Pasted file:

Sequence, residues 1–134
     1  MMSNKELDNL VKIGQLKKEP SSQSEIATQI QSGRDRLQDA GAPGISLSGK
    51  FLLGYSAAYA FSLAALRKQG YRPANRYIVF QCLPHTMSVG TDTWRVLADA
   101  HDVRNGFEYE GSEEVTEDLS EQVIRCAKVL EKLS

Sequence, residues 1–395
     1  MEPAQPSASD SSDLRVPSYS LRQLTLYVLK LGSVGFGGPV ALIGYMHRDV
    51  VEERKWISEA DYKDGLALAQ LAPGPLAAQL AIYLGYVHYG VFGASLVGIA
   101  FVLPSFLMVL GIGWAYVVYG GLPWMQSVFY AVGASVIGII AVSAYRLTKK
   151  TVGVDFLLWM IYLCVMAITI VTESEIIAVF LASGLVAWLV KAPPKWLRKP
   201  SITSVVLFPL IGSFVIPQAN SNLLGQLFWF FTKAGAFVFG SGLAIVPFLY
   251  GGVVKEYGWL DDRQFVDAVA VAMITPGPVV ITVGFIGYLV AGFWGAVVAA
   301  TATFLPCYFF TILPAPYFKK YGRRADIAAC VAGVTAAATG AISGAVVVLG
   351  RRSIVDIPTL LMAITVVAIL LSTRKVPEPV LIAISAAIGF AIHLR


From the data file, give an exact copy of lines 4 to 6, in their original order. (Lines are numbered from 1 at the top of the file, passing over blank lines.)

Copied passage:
   101  HDVRNGFEYE GSEEVTEDLS EQVIRCAKVL EKLS

Sequence, residues 1–395
     1  MEPAQPSASD SSDLRVPSYS LRQLTLYVLK LGSVGFGGPV ALIGYMHRDV